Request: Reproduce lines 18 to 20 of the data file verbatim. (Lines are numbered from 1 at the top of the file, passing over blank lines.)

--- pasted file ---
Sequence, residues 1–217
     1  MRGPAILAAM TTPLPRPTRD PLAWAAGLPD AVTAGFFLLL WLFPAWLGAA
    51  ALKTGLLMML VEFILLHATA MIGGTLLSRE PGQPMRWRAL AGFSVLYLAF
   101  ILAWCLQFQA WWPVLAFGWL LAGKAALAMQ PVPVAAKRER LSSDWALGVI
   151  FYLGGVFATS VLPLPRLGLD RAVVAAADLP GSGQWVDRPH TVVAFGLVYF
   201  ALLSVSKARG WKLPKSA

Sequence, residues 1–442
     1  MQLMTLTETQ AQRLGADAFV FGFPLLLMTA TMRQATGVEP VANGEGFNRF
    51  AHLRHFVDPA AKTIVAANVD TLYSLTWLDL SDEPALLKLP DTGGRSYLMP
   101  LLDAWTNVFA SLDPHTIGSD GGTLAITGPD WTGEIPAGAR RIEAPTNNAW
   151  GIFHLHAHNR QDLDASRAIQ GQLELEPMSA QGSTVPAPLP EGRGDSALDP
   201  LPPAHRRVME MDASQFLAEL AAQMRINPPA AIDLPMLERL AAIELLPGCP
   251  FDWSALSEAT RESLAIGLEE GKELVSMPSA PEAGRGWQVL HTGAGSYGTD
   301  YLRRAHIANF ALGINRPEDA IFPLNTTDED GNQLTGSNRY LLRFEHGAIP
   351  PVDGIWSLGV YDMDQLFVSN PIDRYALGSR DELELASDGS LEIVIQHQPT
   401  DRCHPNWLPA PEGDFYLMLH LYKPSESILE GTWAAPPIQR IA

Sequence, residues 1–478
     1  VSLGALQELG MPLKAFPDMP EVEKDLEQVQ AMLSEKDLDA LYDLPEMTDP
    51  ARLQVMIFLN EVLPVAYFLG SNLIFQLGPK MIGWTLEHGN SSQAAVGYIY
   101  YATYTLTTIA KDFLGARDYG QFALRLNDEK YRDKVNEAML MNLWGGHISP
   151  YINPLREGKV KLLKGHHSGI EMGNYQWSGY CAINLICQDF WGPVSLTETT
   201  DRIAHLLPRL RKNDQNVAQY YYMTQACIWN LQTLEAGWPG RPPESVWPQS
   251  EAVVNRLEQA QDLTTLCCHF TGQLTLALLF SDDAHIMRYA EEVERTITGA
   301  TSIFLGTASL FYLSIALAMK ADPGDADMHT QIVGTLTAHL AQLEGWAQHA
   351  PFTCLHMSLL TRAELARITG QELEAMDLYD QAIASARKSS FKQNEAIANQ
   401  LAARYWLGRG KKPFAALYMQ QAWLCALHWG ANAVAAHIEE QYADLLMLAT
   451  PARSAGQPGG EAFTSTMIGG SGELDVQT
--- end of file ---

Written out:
     1  VSLGALQELG MPLKAFPDMP EVEKDLEQVQ AMLSEKDLDA LYDLPEMTDP
    51  ARLQVMIFLN EVLPVAYFLG SNLIFQLGPK MIGWTLEHGN SSQAAVGYIY
   101  YATYTLTTIA KDFLGARDYG QFALRLNDEK YRDKVNEAML MNLWGGHISP